BBC’s Hiroshima

Summary of BBC’s Hiroshima:

It was the defining moment of the 20th Century – the scientific, technological, military, and political gamble of the world’s first atomic attack. This drama-documentary attempts to do what no other film has done before – to show what it is like to live through a nuclear explosion, millisecond by millisecond.

Set in the three weeks from the first test explosion in New Mexico to the eventual dropping of the bomb, the action takes viewers into the room where the crucial political decisions are made; on board the Enola Gay on her fateful voyage; inside the bomb as it explodes; and on the streets of Hiroshima when disaster strikes. Parallel storylines interweave, unfolding the action from both US and Japanese perspectives, and revealing the tensions and conflicts in the actions and minds of people who were making history. Special effects recreate the reality of the mission – even going inside the workings of the bomb – and archive film replays the horrific aftermath.

I would recommend this documentary to get a more in-depth look at the individuals involved and affected by the atomic attack.  Some insights from this documentary:

*The atomic bomb was originally developed to first attack the Nazis in the European Theatre but later used for Japan in the event they refused to surrender on the conditions laid out in the Potsdam Declaration

*The Americans issued an amended ultimatum to Japan after intercepting their encrypted messages that only asked their armed forces to surrender unconditionally in the hopes they would surrender since their Emperor is protected.  However, the Japanese war cabinet rejected these demands out of the wrong assumption the Americans were softening their stance with the modified terms of surrender.

*The bomb dropped on Hiroshima, called Little Boy, was manually armed while the Enola Gay was en route to Hiroshima.  The crews flying to Japan were given cyanide pills to protect their secrets in the event they were shot down in Japanese air space.

*The Japanese and US war veterans allege Hiroshima was chosen because it was one of the few cities that was unscathed from the periodic American firebombings, which was ideal for observing the full effects of a nuclear attack.  Hiroshima was officially chosen because it had a large industrial base and it was the headquarters for the Japanese forces in charge of defending the country from invasion.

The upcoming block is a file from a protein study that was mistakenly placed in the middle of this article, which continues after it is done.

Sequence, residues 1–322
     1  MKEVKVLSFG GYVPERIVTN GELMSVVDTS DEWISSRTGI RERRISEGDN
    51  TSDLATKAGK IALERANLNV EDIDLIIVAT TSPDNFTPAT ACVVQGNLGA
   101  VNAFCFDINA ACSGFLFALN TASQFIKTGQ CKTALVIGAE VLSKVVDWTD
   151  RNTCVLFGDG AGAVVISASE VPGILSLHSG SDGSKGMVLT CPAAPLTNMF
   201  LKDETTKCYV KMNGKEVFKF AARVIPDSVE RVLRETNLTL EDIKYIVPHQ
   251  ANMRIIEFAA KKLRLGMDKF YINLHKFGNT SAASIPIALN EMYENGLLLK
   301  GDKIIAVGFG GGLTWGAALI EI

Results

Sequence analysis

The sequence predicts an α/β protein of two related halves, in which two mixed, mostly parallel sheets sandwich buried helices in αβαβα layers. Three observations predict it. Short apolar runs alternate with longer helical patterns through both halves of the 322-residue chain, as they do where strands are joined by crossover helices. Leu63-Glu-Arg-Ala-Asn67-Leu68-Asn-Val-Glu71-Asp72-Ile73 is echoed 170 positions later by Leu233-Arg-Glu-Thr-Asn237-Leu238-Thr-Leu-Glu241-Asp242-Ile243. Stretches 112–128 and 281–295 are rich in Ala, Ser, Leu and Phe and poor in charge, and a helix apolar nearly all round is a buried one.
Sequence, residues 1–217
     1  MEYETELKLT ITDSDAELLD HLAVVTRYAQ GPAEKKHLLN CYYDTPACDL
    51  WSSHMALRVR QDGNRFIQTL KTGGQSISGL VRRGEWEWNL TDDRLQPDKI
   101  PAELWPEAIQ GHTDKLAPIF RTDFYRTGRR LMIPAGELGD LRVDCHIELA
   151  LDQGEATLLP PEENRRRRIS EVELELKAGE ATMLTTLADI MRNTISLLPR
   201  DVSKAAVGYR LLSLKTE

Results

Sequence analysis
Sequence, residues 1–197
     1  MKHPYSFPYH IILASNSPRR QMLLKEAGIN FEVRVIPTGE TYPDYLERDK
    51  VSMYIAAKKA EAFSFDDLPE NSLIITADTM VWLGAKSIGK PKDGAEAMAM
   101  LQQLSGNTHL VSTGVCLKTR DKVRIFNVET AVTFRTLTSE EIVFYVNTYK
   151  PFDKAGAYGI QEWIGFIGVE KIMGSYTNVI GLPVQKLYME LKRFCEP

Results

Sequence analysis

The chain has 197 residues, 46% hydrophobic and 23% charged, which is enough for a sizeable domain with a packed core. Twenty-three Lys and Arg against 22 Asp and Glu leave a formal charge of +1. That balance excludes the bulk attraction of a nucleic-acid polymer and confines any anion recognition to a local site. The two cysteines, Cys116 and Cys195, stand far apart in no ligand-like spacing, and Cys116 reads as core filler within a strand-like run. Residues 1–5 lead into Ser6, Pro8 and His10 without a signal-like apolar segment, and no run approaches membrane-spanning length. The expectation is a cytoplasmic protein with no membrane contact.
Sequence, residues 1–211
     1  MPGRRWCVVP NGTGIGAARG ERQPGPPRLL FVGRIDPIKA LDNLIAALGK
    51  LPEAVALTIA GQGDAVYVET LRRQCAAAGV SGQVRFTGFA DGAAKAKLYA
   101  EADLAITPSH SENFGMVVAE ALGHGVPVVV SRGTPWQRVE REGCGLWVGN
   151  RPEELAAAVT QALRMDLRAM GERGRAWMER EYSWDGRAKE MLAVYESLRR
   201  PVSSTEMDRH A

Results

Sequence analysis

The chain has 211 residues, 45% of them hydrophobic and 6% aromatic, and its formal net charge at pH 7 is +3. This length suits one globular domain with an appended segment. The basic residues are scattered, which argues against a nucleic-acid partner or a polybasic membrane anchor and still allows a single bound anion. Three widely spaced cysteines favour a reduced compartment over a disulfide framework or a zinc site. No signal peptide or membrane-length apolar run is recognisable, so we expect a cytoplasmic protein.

*The city first went on a full air raid alert when an American B-29 was spotted, with everyone hiding in bomb shelters, but the alert ended about an hour after the scouting bomber left the city just as the Enola Gay was making her flyby.  This is part of the reason why the death toll was so high during when Hiroshima was nuked.  The Americans later gave Japan fair warning when they were dropping the second bomb in the event the government failed to surrender.

*The Japanese government was preparing the entire population to defend against an American land invasion.  Local civilians were drilled on the art of suicide bombing on a daily basis, while children and schoolgirls were drilled on how to efficiently kill Americans using sharpened bamboos and bayonets.  Additionally, despite all the firebombings and successes in the Pacific Theatre, the Japanese military was relatively intact and active in the rest of Asia.

*The Americans justified the nuclear attack on the basis that it would save countless American and Japanese lives that would have been wasted from a long and bloody land invasion.  The Japanese argue the Americans wanted to drop the bomb just for the sake of testing its impact and Hiroshimans were the victims of this experimentation.

*It took about 45 seconds for the Little Boy to land on the city once it was dropped by the Enola Gay.  The second nuclear attack on Nagasaki was almost a disaster as the bomber missed the intended target in the city and they only chose to bomb Nagasaki because Kokuro was cloudy that day.

*The nuclear blast was so strong that it darkened the clouds, and triggered a rainstorm of radioactive black liquid.  The survivors of the blast drank this black rain without knowing of its effects because they were extremely dehydrated from the heat caused by the atomic blast.  Many of the survivors of Hiroshima and Nagasaki would later die from radiation poisoning as a result of the loss of white blood cells, which allowed for the spread of infections and necrosis.

*The Japanese militarist faction of the war cabinet refused to surrender even after the attack on Nagasaki and were hellbent on fighting to the end believing the Americans would eventually give up.  The Japanese government only surrendered when they summoned Emperor Showa to perform his constitutional duty to break the deadlock between the military and government factions.

*Initial IJA garrisons sent to recover survivors were ordered not to provide food and water to survivors because it “would kill them”.  Many of them died anyway.

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